Sunday, April 24, 2011

Sorry for the lack of activity...

Hey All…

Sorry for the lack of posting. Finals are coming up and its crunch time. I should be back online in early May with some new posts.

I played the AAPL earnings through GLW, QCOM, and a small Bull Spread in AAPL June Calls. As you can expect I did rather well.

Back to the books!


Friday, April 8, 2011

Time to Reflect

When I started the T20YM venture, I had a clear and concise goal; to make money using a disciplined investing strategy centered on Dividend Growth Investing coupled with option trading on momentum stocks.  For the past year, this strategy has been inconsistent. There were months where I would be up 30-40%, and months where I was down 30-40%. As it stands today, I have zero dollars left in my equity account.  I liquidated my positions and all that remains are my family’s long-term investments.

I have decided I am a skilled fundamental stock picker and investor, but a terrible ‘trader’. My long-term holdings were all sold for a profit. However, as a former semi-pro poker player, I have that no limit mentality. When I saw odds in my favor, I placed large bets- sometimes on margins- and when these trades went bad, things got ugly. Well, over the last few months things went really ugly. There’s and old adage ‘the market can remain irrational longer than you can stay solvent’.  Well Mr. Market, you’ve won this battle but not the war.

Moving forward:

I will rebuild my Dividend Growth Portfolio using the ‘Best in Breed’ articles located in the links section. I will start by accumulating small, 50 share positions at a time. I will wait for pull backs in these names as I am in no rush to jump in at the markets current levels.  

My option ‘trading’ will be severely minimized. I will not buy front month options. I will not buy large lots of options that grossly distort my weighting in certain sectors. I will use options to invest in companies that do not pass my dividend screening model. There is no need to hold common shares if you are not being paid to hold them.

So what went wrong? The past few months the market has gone up, but I got hammered. I rode AAPL shares from 362 down to 339. I was heavily leveraged with ‘deep in the money’ April calls looking to play the pre-earnings run up. Obviously, the market has not been kind to AAPL.

            I-Pad 2 delays: False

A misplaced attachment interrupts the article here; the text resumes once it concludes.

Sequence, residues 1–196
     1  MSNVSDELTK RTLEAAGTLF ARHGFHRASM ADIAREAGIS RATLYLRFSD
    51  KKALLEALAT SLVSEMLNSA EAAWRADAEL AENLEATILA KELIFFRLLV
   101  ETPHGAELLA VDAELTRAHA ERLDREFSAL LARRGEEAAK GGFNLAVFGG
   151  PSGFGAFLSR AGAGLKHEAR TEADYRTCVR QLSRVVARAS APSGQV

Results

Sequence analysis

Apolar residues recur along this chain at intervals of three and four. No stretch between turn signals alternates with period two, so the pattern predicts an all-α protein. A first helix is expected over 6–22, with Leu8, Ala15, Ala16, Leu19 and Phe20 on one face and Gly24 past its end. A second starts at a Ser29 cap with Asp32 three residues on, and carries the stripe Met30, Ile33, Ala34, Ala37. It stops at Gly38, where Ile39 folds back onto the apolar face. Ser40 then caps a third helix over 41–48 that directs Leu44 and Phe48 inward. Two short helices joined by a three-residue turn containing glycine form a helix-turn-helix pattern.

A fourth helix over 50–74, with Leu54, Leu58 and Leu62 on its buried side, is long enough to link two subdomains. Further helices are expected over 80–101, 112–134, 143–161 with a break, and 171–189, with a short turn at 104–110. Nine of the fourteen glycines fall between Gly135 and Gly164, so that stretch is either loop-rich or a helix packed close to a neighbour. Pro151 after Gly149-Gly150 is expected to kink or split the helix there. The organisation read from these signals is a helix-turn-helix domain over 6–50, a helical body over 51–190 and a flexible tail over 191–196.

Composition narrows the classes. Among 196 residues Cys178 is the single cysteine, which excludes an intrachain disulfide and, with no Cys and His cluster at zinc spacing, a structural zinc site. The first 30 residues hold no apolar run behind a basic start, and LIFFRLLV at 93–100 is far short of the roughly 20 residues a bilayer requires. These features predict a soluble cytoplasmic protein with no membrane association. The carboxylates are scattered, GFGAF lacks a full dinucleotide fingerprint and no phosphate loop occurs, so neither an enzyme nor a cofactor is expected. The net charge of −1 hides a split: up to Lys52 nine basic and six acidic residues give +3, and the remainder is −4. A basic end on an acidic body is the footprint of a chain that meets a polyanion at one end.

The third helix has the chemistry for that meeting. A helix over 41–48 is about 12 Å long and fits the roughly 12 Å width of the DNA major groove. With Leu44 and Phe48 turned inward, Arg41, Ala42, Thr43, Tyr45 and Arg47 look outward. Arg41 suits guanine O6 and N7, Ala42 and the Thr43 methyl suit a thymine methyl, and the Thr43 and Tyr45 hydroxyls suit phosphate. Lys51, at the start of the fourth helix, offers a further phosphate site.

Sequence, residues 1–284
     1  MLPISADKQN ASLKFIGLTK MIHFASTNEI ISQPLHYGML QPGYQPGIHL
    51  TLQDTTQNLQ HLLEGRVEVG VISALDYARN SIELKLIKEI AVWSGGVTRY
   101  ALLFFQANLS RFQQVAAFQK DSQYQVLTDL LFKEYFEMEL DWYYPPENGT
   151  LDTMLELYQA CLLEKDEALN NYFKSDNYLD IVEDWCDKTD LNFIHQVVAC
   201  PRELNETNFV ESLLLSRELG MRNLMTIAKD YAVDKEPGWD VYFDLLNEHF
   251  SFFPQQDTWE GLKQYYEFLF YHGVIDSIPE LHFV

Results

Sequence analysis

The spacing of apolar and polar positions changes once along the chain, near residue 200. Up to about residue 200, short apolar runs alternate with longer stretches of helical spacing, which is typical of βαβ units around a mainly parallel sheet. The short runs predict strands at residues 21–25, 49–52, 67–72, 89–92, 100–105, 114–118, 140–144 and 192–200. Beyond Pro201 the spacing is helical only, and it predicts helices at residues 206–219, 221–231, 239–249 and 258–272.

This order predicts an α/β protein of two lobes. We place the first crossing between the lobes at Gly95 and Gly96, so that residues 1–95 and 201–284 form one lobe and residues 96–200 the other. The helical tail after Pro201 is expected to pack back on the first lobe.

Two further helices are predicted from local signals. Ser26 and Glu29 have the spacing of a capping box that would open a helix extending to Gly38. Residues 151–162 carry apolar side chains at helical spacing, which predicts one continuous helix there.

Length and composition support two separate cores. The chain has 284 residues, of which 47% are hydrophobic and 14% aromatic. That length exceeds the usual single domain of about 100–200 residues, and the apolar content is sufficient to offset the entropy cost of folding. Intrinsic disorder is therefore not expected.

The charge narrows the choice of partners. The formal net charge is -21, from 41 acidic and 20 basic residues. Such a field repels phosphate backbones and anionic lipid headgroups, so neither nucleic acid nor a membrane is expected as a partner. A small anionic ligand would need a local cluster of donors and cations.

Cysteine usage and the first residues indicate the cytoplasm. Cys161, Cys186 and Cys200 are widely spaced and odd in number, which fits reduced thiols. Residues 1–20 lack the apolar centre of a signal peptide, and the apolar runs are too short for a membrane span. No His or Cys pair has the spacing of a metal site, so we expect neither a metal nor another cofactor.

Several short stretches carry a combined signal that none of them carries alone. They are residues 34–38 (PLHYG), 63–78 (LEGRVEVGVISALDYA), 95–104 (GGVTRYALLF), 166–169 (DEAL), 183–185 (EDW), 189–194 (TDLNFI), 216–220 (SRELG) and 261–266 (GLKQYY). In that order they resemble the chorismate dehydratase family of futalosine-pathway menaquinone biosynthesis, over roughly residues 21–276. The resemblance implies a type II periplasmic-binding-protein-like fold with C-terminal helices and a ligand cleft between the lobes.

Steve Jobs to Die in Six Weeks: False
I-Phone 5 Delay: False
Bomb scare called into packaging facility
Steve Jobs to permanently resign as CEO of AAPL: So far, False
Supply Chain constraints due to Japan disaster: no evidence
Thunderbolt outselling I-Phone: False
Middle East Turmoil, Higher Oil Prices: Affected the market over all.
Then the NASDAQ re-balances
Plus many, many, MANY more rumors….

The stock was tanking, even with a HUGE IPad2 and Verizon launch. I stuck with my investment thesis and kept riding the stock down. No matter the fundamentals, you can’t fight the market. I still think AAPL is a fantastic investment, check out this article I wrote for the fundamentals

So that’s it for now, back to basics. I will keep you updated as I add back to my Dividend Growth Portfolio. My holdings in my family portfolio as of right now are as follows:

FYI, my 401K remains unchanged… at least I got that going for me!

All the best,


Sunday, April 3, 2011

IBM: One of the Best Values on the Market

In Peter Lynch’s seminal work ‘One Up on Wall Street’ he quipped, ‘No money manager ever lost their job investing in IBM’. This was a backhanded compliment by Lynch. Lynch viewed IBM as a safe, but stodgy company. While it was true that IBM was a secure investment, no shareholder was getting rich by allocating capital to this tech juggernaut. IBM was the equivalent of investing in a low yield bond.
But over the last 7 years, IBM’s fundamentals have been progressively improving. These improvements are due in large part to management’s decision to focus on more profitable business segments. Unlike Dell (DELL) and Hewlett Packard (HPQ), IBM correctly identified the commoditization of the computer hardware market and quickly moved into higher profit margin spaces such as software and services. IBM summed this up perfectly at their recent shareholder meeting (click to enlarge):
Here we see a 10% GPM increase as IBM shifts to higher-value spaces.
In addition to adjusting their business focus, IBM has continued its global expansion. As they state in their recent annual report:
A historic economic expansion is underway in the emerging markets of the world—as their populations join the middle class and their economies join the global marketplace. These markets are expected to achieve average GDP growth of 5 percent through 2015, more than double the projected growth rate of the developed world. In the largest of these emerging markets, such as China, India and Brazil, IBM is broadening its well‑established base of skills and capabilities, nearly doubling our number of branch locations. In less developed markets, such as Africa, we are leveraging anchor clients in sectors like communications and banking. Our recent partnership with Bharti Airtel to provide 21st century wireless telecommunications across 16 countries of Sub‑Saharan Africa is one example. Our Growth Markets Unit accounted for 21 percent of IBM’s geographic revenue in 2010. We are aiming to approach 30 percent by 2015.

Read the rest of the article at Seeking Alpha IBM Growth, Dividends an Investors Dream